Reviewed by Harry Kaplan
Zito proves that the blues are still a vibrant and exciting musical genre. There is a tendency for blues music to sound very similar and hard to distinguish individual songs. Zito completely tears that myth down on Make Blues Not War by showing his versatility. Not only is Zito a world class guitar player, he is a great singer. This album mixes blues with rock and roll, southern rock and swamp rock to create an album that is infectious and each song is distinct. Zito can sing his tail off, but every song comes back to the guitar and his playing is smokin’.
Mike Zito is no stranger to the music business. This is the Saint Louis native’s ninth solo album. Not only has Zito had a very prolific and successful solo career, he was a founding member of the Royal Southern Brotherhood (2010-2014) which included the likes of Cyril Neville, Devon Allman, Charlie Wooton, and Yonrico Scott. When he is not playing, he is also a sought after producer.
The title track, Make Blues Not War (Track5), is a traditional blues number that Zito takes to the third power with blazing guitar solos and harmonica that raises the roof on this number. He pays homage to blues legends on this song, including Robert Johnson, Muddy Waters, and BB King. The song is about peace through music. Being able to tear down barriers with the power of song. It is a good sentiment and should be employed more often, for sure.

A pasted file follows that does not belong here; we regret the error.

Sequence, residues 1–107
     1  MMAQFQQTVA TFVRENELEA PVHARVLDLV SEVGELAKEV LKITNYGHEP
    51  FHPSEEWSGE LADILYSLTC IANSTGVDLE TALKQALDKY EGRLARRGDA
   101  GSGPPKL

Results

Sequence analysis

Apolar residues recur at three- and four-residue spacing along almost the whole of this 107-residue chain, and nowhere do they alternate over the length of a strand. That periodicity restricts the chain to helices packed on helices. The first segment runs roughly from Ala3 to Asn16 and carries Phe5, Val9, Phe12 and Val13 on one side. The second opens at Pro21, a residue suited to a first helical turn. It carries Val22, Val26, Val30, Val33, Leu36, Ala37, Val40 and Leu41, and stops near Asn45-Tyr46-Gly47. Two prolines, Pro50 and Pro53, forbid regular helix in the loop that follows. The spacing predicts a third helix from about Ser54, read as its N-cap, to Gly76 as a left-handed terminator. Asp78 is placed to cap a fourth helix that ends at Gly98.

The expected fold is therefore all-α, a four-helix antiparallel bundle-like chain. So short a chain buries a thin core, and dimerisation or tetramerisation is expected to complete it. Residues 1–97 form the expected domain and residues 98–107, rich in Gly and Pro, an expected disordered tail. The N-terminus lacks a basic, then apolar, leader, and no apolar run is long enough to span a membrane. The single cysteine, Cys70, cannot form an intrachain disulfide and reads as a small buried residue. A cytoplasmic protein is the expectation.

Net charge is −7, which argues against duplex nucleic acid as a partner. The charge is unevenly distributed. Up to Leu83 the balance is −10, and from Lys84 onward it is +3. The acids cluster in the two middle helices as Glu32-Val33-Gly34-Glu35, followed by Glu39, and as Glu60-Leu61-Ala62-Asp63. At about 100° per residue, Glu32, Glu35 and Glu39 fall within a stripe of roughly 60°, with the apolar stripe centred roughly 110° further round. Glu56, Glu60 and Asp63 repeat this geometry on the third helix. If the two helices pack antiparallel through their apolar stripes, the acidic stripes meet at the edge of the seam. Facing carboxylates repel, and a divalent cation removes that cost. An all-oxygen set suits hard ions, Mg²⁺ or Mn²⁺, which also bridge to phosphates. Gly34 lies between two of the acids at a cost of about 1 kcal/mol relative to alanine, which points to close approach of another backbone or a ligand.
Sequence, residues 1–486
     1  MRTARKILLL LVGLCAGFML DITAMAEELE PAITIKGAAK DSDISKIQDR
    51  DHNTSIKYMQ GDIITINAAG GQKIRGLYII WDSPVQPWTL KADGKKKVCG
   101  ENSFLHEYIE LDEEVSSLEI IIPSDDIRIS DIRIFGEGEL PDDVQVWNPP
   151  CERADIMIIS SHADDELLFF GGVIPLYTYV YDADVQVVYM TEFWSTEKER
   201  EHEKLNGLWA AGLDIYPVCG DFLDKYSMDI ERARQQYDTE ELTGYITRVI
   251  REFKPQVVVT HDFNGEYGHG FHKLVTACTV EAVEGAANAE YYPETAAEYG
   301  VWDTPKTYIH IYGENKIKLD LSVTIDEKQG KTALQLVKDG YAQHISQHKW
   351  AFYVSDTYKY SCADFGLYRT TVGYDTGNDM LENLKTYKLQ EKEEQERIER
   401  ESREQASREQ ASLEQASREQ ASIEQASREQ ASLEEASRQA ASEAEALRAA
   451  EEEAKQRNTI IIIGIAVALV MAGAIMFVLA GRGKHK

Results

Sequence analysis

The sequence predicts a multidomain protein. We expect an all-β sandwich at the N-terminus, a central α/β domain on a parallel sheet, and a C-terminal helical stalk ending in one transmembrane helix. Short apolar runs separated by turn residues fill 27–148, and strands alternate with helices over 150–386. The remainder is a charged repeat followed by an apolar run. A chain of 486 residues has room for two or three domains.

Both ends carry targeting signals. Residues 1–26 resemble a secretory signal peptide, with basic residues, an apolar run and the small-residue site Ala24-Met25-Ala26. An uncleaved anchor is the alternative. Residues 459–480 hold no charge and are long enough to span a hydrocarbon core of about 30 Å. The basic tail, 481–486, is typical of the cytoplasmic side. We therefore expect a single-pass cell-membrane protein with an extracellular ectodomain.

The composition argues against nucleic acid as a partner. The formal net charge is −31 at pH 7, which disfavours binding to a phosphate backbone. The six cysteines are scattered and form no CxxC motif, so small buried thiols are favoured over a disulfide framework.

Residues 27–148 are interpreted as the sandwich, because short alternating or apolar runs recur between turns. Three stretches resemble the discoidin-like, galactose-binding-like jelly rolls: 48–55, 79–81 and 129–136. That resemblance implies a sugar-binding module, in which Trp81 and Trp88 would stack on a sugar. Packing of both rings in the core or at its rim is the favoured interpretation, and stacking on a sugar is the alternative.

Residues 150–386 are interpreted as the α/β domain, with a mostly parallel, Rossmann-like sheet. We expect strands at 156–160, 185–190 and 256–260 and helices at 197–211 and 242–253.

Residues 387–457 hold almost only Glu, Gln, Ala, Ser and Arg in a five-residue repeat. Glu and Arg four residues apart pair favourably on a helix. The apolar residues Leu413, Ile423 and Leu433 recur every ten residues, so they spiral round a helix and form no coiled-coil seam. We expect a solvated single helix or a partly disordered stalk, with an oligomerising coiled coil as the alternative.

Bad News Is Coming (Track 7) is a slower tempo blues number that clocks in at six and a half minutes. It is a relatively long song but plays like a three minute song because of Zito’s outstanding guitar playing. This song is exciting and the solos contain a lot of twists and turns to make this song extremely interesting and one that you will want to hear over and over.
Wasted Time (Track 3) is great number similar in style to the legendary Stevie Ray Vaughan. Zito’s guitar is pretty darn good on this tune. Although this song and the others may be about topics that are normally sad or “blue”, Zito has the ability to make these numbers uplifting and not feel depressing or blue at all. That is a rare talent, indeed, and you should give Make Blues Not War a serious listen.